Volume XL-8
Int. Arch. Photogramm. Remote Sens. Spatial Inf. Sci., XL-8, 53-56, 2014
https://doi.org/10.5194/isprsarchives-XL-8-53-2014
© Author(s) 2014. This work is distributed under
the Creative Commons Attribution 3.0 License.
Int. Arch. Photogramm. Remote Sens. Spatial Inf. Sci., XL-8, 53-56, 2014
https://doi.org/10.5194/isprsarchives-XL-8-53-2014
© Author(s) 2014. This work is distributed under
the Creative Commons Attribution 3.0 License.

  27 Nov 2014

27 Nov 2014

Geodynamics of the Indian Lithospheric Plate relative to the neighbouring Plates as revealed by Space Geodetic Measurements

S. Krishna, J. Mathew, R. Majumdar, P. Roy, and K. Vinod Kumar S. Krishna et al.
  • National Remote Sensing Centre, Indian Space Research Organization (ISRO), Balanagar, Hyderabad, PIN 500037, India

Keywords: Geodynamics, Geodesy, Himalaya, Gamit/Globk, Pole of rotation, Indian plate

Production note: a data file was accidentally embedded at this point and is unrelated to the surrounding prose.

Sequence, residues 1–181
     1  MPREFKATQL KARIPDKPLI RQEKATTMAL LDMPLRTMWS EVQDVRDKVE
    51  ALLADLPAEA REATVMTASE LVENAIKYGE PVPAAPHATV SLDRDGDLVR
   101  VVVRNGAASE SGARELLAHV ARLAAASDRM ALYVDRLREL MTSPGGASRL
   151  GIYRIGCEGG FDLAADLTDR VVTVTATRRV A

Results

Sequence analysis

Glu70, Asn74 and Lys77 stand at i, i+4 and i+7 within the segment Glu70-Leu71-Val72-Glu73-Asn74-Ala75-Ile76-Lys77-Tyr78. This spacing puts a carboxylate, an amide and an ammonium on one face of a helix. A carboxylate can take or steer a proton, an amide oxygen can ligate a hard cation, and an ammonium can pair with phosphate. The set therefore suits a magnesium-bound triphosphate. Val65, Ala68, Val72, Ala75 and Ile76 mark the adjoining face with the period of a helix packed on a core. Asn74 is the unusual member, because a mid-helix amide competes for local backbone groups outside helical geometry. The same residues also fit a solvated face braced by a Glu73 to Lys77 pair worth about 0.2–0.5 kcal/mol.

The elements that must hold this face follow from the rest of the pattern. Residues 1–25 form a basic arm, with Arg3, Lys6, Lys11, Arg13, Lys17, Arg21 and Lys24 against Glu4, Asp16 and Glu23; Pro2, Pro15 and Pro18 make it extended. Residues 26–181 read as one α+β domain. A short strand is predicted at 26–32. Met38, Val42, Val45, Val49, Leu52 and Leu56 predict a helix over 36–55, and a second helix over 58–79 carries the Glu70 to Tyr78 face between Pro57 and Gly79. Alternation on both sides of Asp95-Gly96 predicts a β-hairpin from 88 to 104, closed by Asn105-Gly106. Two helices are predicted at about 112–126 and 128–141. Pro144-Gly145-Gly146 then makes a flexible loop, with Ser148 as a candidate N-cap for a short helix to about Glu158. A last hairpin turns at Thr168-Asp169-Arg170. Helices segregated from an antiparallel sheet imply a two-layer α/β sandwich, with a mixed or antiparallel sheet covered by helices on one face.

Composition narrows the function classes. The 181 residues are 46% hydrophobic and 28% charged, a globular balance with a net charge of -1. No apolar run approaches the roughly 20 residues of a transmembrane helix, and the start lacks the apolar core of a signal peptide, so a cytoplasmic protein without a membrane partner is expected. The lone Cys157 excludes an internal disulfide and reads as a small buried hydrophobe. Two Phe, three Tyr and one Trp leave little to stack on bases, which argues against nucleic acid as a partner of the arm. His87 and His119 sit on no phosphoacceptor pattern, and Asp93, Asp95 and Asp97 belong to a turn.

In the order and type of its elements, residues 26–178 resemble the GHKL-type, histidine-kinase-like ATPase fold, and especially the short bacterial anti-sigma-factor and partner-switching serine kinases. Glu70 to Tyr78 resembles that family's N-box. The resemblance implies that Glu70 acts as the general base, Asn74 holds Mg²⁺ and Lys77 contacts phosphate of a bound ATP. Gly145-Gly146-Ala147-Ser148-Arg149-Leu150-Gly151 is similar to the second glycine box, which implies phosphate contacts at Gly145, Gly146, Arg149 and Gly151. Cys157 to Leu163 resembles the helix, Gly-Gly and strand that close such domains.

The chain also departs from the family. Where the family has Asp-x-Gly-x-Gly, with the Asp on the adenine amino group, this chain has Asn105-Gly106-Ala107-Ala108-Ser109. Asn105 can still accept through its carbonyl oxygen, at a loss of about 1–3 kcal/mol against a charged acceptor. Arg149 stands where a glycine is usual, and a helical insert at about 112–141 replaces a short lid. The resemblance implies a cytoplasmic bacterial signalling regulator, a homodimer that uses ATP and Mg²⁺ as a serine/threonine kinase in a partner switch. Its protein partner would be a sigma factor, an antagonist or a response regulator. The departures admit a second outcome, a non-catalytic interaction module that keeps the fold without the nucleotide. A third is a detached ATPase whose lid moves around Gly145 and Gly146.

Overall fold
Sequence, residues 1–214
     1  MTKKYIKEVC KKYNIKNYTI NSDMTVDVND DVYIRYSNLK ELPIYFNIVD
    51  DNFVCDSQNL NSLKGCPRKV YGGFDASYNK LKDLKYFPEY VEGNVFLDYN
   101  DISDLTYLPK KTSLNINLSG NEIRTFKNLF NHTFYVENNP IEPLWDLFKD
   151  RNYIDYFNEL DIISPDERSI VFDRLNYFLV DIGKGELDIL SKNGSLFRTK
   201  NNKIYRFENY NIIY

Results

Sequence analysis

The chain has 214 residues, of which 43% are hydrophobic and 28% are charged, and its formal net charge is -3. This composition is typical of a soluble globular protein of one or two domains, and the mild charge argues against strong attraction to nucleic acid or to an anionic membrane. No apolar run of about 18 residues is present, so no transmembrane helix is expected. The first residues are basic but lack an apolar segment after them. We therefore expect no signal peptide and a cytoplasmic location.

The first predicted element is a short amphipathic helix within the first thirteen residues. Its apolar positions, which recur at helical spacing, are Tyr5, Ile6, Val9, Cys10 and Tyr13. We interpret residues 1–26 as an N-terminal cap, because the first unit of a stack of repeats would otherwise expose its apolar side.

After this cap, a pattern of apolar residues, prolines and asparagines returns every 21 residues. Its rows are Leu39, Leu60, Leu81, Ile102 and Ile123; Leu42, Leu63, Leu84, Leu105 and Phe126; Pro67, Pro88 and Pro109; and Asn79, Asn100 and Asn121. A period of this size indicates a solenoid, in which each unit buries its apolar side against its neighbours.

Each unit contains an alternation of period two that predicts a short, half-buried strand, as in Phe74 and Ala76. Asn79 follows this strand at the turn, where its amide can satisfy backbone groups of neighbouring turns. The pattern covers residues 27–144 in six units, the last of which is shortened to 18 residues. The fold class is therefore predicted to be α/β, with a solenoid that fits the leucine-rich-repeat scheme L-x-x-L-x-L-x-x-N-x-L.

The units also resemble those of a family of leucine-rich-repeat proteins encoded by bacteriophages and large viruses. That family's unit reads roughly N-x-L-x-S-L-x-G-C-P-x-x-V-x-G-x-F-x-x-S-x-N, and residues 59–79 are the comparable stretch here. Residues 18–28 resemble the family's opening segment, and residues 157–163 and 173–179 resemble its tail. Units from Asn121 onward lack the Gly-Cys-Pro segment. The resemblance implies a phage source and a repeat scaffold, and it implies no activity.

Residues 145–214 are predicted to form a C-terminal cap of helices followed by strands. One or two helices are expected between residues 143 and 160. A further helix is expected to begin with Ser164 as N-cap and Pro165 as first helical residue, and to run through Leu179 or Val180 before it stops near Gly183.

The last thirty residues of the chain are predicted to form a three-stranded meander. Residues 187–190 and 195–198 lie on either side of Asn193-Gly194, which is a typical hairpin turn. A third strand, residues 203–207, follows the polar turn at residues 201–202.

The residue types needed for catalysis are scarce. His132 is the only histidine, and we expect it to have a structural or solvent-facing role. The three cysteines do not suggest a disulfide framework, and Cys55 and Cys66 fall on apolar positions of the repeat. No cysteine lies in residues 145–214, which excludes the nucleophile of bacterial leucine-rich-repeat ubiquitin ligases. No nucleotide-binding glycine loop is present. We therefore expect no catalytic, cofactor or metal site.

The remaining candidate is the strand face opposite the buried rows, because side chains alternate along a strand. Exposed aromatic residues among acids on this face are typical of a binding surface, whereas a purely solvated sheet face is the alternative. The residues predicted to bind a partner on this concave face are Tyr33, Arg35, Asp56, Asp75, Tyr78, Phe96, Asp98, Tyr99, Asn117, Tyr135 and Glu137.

Abstract. The Indian Plate is highly dynamic in nature which in turn makes the Indo-Eurassian collision zone the foci of most of the historic large magnitude earthquakes. Processing of positional information from continuously observing reference stations is one of the space based geodetic techniques used globally and nationally to understand the crustal dynamics. The present study evaluates the dynamic nature of the Indian plate relative to its adjoining plates using the permanent GPS data (2011 to 2013) of 12 International GNSS Service (IGS), which are spread across the Indian, Eurassian, Australian, Somaliyan and African plates. The data processing was carried out using GAMIT/GLOBK software. The results indicate that the average velocity for the two IGS stations on the Indian Plate (Hyderabad and Bangalore) is 54.25 mm/year towards NE in the ITRF-2008 reference frame. The relative velocity of various stations with respect to the Indian plate has been estimated using the Bangalore station and has been found that the stations in the Eurasian plate (Lhasa, Urumqi, Bishkek and Kitab) are moving with velocity ranging from 25 to 33 mm/year in the SE direction resulting in compressional interaction with the Indian plate. This study reveals and confirms to the previous studies that the Indian- Eurassian-Australian Plates are moving at different relative velocities leading to compressional regimes at their margins leading to seismicity in these zones.